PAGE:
Seizing the Day and Substitute Teaching!
There's a job opportunity for the epileptic community with the nation's drought of teachers – and substitute teachers. From all the people I've gotten to know, I think that a majority of people with epilepsy are similar to me: seizures are moderately controlled (meaning weekly or longer), dramatic tonic-clonic seizures are either rare or non-existent, recovery medications are unnecessary, and decent work is nearly impossible to find since I can't drive. (Consequently, it's humiliating to ask my caregiving wife for an allowance like a child just to buy a shirt which she does on a whim!)
If this also sounds like you, I encourage you to consider substitute teaching.
Seizure safety in schools
Let me begin by saying, a classroom is a pretty safe place to have a seizure. I'm not in a hazardous situation, am sitting much of my time and with plenty of water. If I was the kind to feel embarrassed about others seeing me have a seizure, youth are much more open-minded about that than their parents can be.
New state laws are rumbling across America to make "seizure-safe" schools. That means that all school teachers, nurses, and employees take an annual course on how to recognize when someone's having a seizure and what to do about it.1
Granted, students are the intended beneficiaries, but if I have a seizure in the classroom, once an adult arrives and recognizes that I'm having a seizure, I'm better off than if I was a greeter at a supermarket!
Working without a driver's license
My inability to drive was the single biggest impediment to me getting a job I'm trained for – a TV producer. It meant living with my parents 25 years ago and receiving SSI and state assistance for expensive medications. When a small TV news department offered me a producer job, those benefits would be lost and the job wasn't going to pay me enough to live independently and meet those medical expenses. I explained the Catch-22 to the station, but they refused to increase the salary. I was desperate to work in the profession and negotiated for an arrangement that was part-time so that my benefits would continue.
Nevertheless, its wages were nowhere near the ceiling that those welfare programs would allow me to earn. My Dad, a retired school superintendent, suggested that I could make some extra money subbing at several schools nearby. Back then, in Illinois, it was only necessary to have any college degree and I earned $60 a day. I started subbing on my days off from the TV station and came close to earning more at it than at TV!
A nationwide shortage of substitute teachers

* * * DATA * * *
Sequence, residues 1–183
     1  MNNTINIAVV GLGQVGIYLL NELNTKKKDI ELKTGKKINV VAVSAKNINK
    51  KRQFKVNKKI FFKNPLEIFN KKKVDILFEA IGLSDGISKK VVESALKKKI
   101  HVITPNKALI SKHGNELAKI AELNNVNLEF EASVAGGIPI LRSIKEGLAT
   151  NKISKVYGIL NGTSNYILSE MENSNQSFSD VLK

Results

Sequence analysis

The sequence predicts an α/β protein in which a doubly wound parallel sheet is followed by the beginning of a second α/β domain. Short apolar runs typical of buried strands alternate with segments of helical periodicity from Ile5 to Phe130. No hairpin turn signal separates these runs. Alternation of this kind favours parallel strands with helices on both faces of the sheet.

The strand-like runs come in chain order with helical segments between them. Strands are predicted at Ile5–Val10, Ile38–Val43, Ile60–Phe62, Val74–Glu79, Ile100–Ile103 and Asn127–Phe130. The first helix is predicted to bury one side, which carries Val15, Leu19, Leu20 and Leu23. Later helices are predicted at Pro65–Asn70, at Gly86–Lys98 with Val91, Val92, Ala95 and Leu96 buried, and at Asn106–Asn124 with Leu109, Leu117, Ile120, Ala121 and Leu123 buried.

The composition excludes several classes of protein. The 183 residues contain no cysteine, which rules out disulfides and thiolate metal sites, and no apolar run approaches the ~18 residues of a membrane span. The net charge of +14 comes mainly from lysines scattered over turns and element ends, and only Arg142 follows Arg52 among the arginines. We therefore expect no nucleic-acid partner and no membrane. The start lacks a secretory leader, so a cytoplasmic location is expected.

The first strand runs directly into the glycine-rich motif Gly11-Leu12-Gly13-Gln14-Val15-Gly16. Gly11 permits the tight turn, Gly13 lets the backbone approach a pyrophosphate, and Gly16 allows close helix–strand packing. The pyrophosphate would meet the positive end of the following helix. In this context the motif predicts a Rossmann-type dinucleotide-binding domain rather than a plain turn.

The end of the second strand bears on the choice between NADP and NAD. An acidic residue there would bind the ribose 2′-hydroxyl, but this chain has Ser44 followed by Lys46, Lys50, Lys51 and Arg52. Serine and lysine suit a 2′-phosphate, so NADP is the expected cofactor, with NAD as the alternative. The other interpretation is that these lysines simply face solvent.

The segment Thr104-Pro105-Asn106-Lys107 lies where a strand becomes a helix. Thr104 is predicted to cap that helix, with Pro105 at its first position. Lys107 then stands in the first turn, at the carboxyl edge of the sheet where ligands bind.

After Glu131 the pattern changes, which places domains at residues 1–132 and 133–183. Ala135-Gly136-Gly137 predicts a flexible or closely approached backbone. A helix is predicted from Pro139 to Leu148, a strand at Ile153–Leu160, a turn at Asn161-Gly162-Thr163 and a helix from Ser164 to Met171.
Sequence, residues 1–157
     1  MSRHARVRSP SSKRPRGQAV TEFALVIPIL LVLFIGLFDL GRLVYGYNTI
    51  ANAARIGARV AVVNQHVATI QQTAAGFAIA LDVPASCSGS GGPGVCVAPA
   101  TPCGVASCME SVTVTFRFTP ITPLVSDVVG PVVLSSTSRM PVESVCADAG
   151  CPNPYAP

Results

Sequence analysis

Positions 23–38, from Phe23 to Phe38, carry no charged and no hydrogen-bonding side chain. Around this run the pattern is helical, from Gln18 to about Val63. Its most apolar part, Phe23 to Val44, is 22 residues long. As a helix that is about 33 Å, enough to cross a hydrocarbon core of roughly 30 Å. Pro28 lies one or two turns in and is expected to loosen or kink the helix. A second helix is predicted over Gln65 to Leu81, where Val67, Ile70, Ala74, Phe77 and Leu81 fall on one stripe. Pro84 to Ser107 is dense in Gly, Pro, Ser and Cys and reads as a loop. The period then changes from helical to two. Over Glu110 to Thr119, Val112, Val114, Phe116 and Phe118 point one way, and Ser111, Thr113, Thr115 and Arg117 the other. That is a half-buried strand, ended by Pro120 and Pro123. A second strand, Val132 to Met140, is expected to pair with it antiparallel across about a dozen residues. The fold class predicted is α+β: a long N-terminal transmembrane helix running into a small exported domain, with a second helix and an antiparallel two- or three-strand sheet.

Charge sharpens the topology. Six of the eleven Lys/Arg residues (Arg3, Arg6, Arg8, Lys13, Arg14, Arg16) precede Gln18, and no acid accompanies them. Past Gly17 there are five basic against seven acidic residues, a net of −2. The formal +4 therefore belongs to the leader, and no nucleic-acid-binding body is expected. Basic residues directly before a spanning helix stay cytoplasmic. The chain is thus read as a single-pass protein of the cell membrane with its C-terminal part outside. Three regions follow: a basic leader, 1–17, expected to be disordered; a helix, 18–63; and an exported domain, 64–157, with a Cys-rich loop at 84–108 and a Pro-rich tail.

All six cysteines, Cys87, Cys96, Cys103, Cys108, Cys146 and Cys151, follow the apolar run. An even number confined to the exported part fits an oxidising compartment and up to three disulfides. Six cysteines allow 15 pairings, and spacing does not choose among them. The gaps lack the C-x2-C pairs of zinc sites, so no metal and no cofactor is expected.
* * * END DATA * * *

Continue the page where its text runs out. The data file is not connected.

A beautiful thing about substitute teaching is that I only have to work as much as I want. (Currently in Atlanta, there is a 1-day-a-month minimum and 20-days-a-month maximum). Schools were aching for subs and teachers before the pandemic, which has become terminal.
With such a shortage of teachers, I'm pretty well able to sub any day I want. Schools in some states are so desperate for teachers that they are calling in the National Guard, permitting people to teach before being fully certified, and some without any college training!2
Being a substitute teacher with epilepsy
Every principal and nurse at the 4 schools where I regularly sub knows about my condition. I gave them a "fact sheet" to keep on hand in case of an emergency: contact info of my wife and doctor, a list of my medications, and a paragraph explaining my seizures and what to do about them. I emphasized that an ambulance isn't necessary, just let me sleep for 5-10 minutes. But even if school personnel overreact and call an ambulance, an arriving EMT will appreciate it. It should save me around $2,000 for being taken to an ER unnecessarily, something insurance never paid for me!
During the virtual learning developed during the pandemic, most of this generation's school lessons are already posted online by their teachers. Although the regular teacher might have lectured them if not absent, I only have to instruct the students on where to find their day's lesson. This generation is amazingly independent! For special ed, I've had to read a book aloud. For PE, I've even let them watch a movie that their teacher selected in advance for me or to shoot basketball.
I'm primarily concerned with making sure phones stay in backpacks, and watching to see that students remain on task. Not to be derogatory, but some might call it "babysitting." I make it a point to know where the intercom button is to call for the principal if a behavior problem arises. Just threatening to use it ends a lot of problems.
My district pays $175 a day. Pretty good for an untrained worker!
Getting creative with getting to work
Now, before you say, "Won't work for me because I can't drive," I encourage you to be creative. In the morning, my wife drops me off when taking our daughter to school, but her job prevents her from getting me at the end of the day. Uber or Lyft rides may not be available and are expensive! After a driver grumbled to me about how small her portion was of the big fee I was charged, I asked her if she would return me home in the future for $15 cash if I was able to give her a day's notice, and she agreed.
Another option was putting a notice in my neighborhood's Facebook group looking for a driver going my way at the time and at a price I wanted. Within 90 minutes a neighbor phoned to accept. Two retired neighbors will get me with notification. Finally, I've even gotten permission for a neighboring student to drive me home and several times teachers provided me with rides.
Never underestimate how willing people in your neighborhood or schools might be to accommodate you: especially since they're needing help, too. So think about it if you'd like your life to be more purposeful and to help your caregiver pay the bills!
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